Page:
The idea of renaming the giant township after James ‘Sofasonke’ Mpanza has the apparent support of Julius Malema.
The second deputy provincial secretary of the SA Communist Party in the Eastern Cape Lazola Ndamase took to Twitter on Monday night to call for the renaming of Soweto.
He wants it to honour its “unofficial mayor”, James “Sofasonke” Mpanza, who was one of the first leaders in 1944 to encourage black people to invade and occupy vacant land towards the south of Johannesburg. These camps later became known as the South Western Townships (Soweto).
Ndamase tagged the ANC and Arts and Culture Minister Nathi Mthethwa in his post.
It was retweeted by EFF leader Julius Malema, who has often said in some of his speeches that his call for renewed land occupation is inspired by the illegal land occupations before and during apartheid.
According to SA History Online, Mpanza was born in 1889 and was the founder and leader from the mid-1940s of the Sofasonke Party of Orlando township, Johannesburg, and a “crusader for better housing for Johannesburg’s Africans”.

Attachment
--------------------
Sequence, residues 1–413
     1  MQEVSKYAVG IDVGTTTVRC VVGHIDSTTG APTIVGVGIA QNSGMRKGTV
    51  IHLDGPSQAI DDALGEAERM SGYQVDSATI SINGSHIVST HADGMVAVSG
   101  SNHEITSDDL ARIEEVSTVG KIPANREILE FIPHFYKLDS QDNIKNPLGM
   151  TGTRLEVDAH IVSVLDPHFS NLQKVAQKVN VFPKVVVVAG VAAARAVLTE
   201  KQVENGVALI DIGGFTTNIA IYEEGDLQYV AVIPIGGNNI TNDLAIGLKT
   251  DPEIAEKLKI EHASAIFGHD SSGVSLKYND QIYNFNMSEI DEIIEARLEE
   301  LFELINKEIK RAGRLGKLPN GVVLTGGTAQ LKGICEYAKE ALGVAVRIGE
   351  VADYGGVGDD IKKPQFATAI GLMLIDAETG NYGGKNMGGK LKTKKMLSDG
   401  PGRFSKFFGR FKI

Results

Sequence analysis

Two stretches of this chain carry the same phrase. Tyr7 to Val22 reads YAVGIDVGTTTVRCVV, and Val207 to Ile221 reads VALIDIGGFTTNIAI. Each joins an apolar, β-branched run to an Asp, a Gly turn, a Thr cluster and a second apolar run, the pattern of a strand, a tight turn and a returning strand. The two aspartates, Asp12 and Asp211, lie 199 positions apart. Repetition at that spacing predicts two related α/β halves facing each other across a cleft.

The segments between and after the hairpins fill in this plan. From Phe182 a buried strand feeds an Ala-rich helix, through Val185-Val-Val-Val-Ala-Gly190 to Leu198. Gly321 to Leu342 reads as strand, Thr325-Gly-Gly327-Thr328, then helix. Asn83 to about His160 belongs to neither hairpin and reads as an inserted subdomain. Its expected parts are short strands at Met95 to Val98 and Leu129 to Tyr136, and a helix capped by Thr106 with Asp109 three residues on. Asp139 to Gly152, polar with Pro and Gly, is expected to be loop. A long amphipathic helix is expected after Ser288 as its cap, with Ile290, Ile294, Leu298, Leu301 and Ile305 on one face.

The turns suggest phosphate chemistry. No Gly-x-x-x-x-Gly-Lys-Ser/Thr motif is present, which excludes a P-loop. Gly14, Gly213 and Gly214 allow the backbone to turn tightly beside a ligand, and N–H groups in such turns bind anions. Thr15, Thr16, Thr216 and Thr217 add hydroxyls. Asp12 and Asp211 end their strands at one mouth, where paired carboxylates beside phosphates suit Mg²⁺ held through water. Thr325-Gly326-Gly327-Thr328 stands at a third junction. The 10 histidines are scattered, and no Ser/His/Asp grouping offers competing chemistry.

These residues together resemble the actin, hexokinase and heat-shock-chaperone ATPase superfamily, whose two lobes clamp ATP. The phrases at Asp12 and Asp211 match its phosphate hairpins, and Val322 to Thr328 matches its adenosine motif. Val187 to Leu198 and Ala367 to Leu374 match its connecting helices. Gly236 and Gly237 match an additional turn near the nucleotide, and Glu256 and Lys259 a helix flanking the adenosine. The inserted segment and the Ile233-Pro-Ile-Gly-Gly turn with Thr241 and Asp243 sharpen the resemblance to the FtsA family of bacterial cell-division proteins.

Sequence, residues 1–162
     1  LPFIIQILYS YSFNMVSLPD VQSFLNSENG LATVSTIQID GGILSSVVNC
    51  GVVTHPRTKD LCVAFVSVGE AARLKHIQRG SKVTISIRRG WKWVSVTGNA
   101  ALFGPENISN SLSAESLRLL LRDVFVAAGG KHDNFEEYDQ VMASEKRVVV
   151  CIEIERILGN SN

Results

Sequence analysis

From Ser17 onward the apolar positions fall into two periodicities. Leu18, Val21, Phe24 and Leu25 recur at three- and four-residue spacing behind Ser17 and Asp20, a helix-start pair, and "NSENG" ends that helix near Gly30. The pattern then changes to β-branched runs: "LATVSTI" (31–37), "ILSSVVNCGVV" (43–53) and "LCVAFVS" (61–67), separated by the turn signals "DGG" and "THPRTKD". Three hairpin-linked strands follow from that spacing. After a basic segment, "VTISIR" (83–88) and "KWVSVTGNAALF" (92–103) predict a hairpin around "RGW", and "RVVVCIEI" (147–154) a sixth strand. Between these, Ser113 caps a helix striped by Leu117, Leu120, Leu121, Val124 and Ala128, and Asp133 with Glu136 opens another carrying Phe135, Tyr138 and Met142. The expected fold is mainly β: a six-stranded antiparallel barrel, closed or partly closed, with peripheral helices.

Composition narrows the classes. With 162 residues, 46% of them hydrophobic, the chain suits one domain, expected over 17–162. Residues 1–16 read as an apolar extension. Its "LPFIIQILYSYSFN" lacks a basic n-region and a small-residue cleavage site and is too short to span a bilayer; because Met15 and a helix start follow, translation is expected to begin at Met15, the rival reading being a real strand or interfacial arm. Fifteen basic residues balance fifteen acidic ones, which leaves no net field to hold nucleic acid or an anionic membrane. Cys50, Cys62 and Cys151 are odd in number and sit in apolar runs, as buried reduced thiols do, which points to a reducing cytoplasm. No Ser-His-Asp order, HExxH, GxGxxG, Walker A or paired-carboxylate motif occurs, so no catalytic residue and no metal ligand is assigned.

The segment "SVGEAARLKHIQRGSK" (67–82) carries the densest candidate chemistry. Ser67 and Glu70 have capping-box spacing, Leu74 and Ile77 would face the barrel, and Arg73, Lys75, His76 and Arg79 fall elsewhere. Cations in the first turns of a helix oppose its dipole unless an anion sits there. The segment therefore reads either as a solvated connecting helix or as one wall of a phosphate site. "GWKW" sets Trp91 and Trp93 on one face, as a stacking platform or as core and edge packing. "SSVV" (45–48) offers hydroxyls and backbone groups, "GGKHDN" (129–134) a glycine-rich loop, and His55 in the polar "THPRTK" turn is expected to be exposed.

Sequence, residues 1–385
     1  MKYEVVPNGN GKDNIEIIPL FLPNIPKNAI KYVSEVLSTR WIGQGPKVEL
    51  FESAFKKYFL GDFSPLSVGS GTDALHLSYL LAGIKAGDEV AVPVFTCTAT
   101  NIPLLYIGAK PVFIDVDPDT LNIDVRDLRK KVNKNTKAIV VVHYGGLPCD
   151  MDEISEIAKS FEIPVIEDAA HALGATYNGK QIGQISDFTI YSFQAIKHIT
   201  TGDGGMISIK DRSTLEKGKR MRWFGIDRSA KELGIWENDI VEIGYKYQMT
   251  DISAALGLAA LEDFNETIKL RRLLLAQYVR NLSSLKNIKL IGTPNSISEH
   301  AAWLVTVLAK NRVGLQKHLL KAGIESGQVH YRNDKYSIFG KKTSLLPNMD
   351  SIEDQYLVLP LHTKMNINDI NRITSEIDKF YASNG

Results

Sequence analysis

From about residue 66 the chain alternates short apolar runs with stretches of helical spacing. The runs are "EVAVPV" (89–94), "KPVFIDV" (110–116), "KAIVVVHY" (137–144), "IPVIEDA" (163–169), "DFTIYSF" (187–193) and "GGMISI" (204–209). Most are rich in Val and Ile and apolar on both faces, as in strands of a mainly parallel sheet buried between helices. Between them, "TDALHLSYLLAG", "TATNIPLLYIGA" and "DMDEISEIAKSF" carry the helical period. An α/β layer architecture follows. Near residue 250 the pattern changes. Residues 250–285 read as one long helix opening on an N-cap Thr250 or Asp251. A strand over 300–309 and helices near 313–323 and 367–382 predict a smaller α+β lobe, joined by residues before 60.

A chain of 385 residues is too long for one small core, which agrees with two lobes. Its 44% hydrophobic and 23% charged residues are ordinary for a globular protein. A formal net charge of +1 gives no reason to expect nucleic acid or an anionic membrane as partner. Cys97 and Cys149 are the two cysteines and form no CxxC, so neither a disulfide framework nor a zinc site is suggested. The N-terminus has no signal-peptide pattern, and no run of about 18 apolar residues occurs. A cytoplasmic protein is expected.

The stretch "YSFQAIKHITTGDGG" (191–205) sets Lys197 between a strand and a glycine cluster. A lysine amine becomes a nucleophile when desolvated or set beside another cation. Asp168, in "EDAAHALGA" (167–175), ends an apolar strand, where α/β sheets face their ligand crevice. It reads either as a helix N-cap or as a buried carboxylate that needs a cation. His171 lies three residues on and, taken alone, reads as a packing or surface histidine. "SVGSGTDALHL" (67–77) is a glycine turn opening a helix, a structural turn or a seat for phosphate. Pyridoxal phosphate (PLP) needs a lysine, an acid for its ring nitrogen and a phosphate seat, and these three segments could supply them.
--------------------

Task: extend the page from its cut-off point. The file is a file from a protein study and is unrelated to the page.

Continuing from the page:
“He was an eccentric who often rode horseback in Orlando and who built his following into a cultlike organisation for the contesting of seats on the Orlando advisory board. Jailed for murder in 1914, he spent 13 years in prison, during which time he experienced a Christian conversion, became a preacher to his fellow prisoners, and wrote a short book. The Battles of the Christian’s Pathway.
“After his release in 1927 he became a teacher in Pretoria, then later moved to Johannesburg, where in 1944 he led thousands of Africans, overflowing from the slums of Orlando, to set up a huge shantytown on the veld, with Mpanza as their unofficial ‘mayor’. It was at this time that his nickname, ‘Sofasonke’ (‘we shall all die’) was acquired. By dramatising the plight of the city’s homeless workers, the shantytown movement created pressures leading to the construction of modern Soweto.
Another source reveals that Mpanza was interested in horse racing and owned his own racehorses in the Orange Free State and Transvaal, but because of the laws at the time he had to hire white jockeys to race them.
“In 1946, Mpanza was deported to Natal by government order, but he defied the ruling and won his case on appeal. Continuously returned to the Orlando advisory board, he was one of those who supported the creation of the Soweto Urban Bantu Council in the early 1960s. Mpanza died in 1970,” adds SA History Online.